Trudy L. Bush
Recently, the fields of cardiovascular epidemiology and women’s health were dealt a heavy blow with the premature and unexpected death of Dr Trudy Bush (1949 to 2001). At the time of her demise (age 52), she was one of the foremost authorities on the cardiovascular effects of hormone replacement therapy in postmenopausal women. Sadly, the shutters on her life were closed just as some of the most illuminating new knowledge about estrogen and heart disease was emerging on the horizon—new knowledge that came to light in part as a result of her vision and guidance. Dr Bush’s own research and her advice to the many other investigators who sought her counsel was characterized by originality. She was always offering novel perspectives on data, generating new hypotheses, and challenging us all to move forward toward the goal of improved health and longevity for older women.
Dr Bush’s training in sociology and epidemiology at Penn State University and The Johns Hopkins School of Hygiene and Public Health set the stage for a remarkably productive career. In 1983 and again in 1987, she authored 2 of the most frequently cited papers concerning the relationship between postmenopausal hormone replacement therapy and cardiovascular and all-cause mortality.1,2 She went on to serve as a principal investigator of both of the first large clinical trials designed to understand more clearly the effects of hormone replacement therapy on the risk for heart disease, the Postmenopausal Estrogen/Progestin Intervention trial (PEPI)3 and the Heart and Estrogen/Progestin Replacement Study (HERS).4 She also made important contributions to the understanding of other chronic diseases that are common in postmenopausal women, including osteoporosis and breast and endometrial carcinoma. In addition to her research, she supported the scientific community by serving as an advisor or committee member for numerous national and international organizations, including the American Heart Association, the National Institutes of Health, The US General Accounting Office, and the Institute of Medicine.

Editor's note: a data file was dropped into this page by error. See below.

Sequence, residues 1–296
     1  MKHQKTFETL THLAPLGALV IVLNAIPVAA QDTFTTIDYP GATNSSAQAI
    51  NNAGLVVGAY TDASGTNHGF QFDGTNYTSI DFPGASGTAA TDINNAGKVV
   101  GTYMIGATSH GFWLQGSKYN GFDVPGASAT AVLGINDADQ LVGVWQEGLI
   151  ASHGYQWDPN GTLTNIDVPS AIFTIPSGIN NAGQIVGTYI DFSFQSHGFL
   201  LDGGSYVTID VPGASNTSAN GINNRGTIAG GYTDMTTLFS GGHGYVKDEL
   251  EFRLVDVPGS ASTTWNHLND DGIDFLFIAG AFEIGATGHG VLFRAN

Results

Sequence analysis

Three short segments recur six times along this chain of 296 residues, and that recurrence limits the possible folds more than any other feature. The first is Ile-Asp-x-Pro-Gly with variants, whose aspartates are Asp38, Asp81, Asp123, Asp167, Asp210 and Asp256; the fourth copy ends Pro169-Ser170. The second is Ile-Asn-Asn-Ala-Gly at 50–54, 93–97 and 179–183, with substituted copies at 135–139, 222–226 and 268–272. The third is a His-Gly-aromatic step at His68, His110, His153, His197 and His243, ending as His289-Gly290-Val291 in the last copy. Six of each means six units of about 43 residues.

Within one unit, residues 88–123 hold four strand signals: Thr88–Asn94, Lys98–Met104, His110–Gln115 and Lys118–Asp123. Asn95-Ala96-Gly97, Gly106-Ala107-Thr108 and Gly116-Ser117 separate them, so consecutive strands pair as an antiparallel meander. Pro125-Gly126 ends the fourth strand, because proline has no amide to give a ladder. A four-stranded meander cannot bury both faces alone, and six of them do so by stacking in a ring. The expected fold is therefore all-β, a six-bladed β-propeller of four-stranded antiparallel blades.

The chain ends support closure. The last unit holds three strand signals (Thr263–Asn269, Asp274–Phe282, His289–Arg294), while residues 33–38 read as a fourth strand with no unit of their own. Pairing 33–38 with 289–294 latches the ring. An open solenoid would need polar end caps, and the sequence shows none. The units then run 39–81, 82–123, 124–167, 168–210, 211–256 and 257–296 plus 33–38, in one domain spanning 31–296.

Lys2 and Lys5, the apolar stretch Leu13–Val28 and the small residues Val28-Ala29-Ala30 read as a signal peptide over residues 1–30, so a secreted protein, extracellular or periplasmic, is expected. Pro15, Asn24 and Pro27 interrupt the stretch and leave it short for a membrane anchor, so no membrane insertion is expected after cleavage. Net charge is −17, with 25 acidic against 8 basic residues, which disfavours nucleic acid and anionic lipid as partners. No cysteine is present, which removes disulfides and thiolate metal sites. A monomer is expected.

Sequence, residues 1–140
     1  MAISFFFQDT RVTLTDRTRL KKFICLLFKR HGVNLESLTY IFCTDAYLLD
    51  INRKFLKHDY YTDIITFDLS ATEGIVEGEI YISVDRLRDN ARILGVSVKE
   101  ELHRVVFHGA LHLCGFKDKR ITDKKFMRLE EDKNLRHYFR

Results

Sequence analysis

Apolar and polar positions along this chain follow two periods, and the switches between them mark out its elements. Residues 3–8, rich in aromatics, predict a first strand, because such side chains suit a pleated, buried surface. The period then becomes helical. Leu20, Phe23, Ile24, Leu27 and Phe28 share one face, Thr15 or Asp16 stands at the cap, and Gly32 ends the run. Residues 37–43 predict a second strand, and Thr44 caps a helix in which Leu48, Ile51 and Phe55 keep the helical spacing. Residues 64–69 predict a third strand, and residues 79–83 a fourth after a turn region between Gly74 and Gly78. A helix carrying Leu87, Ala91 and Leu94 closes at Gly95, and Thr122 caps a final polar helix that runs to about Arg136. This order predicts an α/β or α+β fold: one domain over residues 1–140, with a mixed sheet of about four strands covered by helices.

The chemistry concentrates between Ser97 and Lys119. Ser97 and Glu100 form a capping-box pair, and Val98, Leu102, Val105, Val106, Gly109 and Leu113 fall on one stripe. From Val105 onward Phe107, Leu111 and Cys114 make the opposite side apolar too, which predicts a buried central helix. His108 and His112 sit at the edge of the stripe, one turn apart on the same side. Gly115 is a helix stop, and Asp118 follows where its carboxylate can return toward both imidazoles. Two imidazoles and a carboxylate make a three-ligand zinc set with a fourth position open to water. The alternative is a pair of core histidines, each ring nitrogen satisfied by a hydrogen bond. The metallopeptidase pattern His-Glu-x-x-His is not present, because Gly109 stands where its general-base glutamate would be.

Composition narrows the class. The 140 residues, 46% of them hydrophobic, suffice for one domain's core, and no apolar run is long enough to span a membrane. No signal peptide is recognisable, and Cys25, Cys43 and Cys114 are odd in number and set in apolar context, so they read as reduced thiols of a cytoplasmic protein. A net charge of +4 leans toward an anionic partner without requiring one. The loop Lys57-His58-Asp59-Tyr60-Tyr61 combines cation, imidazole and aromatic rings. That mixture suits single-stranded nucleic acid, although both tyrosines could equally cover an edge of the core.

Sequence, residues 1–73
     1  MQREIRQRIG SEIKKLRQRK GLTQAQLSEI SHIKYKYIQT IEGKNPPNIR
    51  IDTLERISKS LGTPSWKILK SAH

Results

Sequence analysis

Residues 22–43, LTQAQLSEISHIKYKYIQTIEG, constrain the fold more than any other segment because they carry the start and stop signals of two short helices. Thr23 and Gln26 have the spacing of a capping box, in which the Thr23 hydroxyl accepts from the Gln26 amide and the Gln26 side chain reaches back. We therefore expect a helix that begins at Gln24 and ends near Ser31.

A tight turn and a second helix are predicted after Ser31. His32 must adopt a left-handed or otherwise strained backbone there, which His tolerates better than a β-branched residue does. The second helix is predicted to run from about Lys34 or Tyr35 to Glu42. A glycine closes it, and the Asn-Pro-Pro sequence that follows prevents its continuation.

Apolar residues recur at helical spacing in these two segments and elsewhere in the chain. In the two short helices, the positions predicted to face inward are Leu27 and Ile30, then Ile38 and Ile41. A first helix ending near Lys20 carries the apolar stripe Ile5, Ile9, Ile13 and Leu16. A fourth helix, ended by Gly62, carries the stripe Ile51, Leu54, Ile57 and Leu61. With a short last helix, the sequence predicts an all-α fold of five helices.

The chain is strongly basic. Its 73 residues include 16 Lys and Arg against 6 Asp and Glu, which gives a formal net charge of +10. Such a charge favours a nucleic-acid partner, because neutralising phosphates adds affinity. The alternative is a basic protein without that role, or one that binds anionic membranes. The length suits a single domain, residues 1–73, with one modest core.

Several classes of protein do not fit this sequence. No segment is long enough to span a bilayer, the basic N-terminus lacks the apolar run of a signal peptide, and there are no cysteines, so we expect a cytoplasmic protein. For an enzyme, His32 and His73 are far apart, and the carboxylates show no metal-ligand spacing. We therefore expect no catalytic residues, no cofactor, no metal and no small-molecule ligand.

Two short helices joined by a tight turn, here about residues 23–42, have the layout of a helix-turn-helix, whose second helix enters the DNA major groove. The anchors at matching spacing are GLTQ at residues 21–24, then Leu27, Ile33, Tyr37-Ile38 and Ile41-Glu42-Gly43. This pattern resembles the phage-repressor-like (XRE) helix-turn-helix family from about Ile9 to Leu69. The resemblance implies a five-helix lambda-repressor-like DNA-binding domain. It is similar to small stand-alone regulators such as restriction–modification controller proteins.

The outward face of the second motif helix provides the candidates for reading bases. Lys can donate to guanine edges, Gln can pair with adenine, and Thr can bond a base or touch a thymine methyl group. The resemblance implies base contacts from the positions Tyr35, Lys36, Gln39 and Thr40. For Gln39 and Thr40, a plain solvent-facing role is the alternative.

Those of us who were fortunate enough to know Dr Bush as a friend and colleague will always remember her creativity, her willingness to challenge conventional paradigms, and her gentle sense of humor. These attributes also made her an ideal mentor to the many students she taught and advised during her roughly 20-year career at Shippensburg State College in Pennsylvania, the University of Oklahoma, Columbia University, The Johns Hopkins University, and the University of Maryland.
Like many great people, her considerable successes were preceded by tremendous adversity early in life. Ultimately, however, she found joy and solace in the long-term support of her partner Dr Sue Miller and their adored daughter, Emily.
It is a sad twist of irony that Dr Bush may have succumbed to the very disease (cardiovascular disease) that was the principal focus of her career. Fittingly, her family has asked that in remembrance of Dr Bush, donations can be made to the American Heart Association.